The saga of the LED fixtures began in 2009, when the Monterey City Council approved an application for a low-interest loan of up to $1.56 million from the California Energy Commission to adopt energy-efficient measures. In 2011, it used this money to award contracts to construction companies to install the LED fixtures. No one objected at the time.
Just like every other local government in California, the City of Monterey must reduce its share of responsibility for greenhouse gas emissions. It has to fulfill mandates in Assembly Bill 32, the Global Warming Solutions Act of 2006. LED lights seemed like a reasonable way to pursue this goal while maintaining the benefits of modern American life.
As contractors installed the first sets of LED fixtures, some residents began complaining. Their eyes were now hurting. One person compared them to lights used in a prison yard. Another mistook an LED for Venus.
These residents – now organized as “Turn Down the Lights” – eventually declared in their lawsuit that LED lights were dangerous for wildlife (more likely to be attacked by predators), drivers (because of glare and shadows) and residents (because of sleep deprivation and even cancer). They also asserted that “the brightness of the LED lighting introduces a disharmonious element unknown in the 18th and 19th centuries” to the city’s many historic buildings. They even claimed that it was a falsehood that street illumination reduces crime.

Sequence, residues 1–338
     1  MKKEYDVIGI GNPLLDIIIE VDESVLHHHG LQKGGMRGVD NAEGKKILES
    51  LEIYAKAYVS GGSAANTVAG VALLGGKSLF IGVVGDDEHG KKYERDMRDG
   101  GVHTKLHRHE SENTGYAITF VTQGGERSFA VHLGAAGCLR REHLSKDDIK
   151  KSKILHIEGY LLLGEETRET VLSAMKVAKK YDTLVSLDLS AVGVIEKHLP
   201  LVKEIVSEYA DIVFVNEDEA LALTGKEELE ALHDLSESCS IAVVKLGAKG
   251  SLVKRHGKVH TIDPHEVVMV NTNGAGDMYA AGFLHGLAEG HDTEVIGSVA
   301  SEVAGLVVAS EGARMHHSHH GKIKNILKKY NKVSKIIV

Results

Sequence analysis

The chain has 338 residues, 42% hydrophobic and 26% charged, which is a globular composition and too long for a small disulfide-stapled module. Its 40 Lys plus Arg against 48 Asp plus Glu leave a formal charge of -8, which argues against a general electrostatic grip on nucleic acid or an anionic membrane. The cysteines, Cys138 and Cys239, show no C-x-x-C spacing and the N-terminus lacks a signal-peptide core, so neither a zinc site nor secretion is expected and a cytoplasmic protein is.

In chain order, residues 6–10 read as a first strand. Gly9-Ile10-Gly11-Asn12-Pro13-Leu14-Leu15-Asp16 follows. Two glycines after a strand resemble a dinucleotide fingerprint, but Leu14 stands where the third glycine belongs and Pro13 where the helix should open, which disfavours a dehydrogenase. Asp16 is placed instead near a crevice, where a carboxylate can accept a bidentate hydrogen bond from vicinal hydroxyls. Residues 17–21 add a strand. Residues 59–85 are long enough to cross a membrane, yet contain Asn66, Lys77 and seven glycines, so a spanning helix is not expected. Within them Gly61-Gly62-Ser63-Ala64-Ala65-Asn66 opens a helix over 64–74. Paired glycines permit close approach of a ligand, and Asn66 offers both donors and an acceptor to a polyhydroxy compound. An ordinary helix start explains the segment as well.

In an attempt to address residents’ complaints, the city begun adding light shields, dimming the lights, and changing light angles. The city also filed a Notice of Exemption, which claimed a changing of light fixtures on existing street posts did not require analysis and review under CEQA. That finally spurred the lawsuit to get the lights removed.
After a fight over which documents the judge should consider in addition to the narrow administrative record, a Monterey County Superior Court judge ruled on December 20, 2016 that LED light bulbs are different enough from the old bulbs to require environmental review. In addition, the judge agreed with “Turn Down the Lights” that the City of Monterey had failed to inform the public sufficiently via the city council meeting agenda about the potential environmental impacts of the different light fixtures and had failed to indicate an intent to exempt the installation of the new light fixtures from CEQA.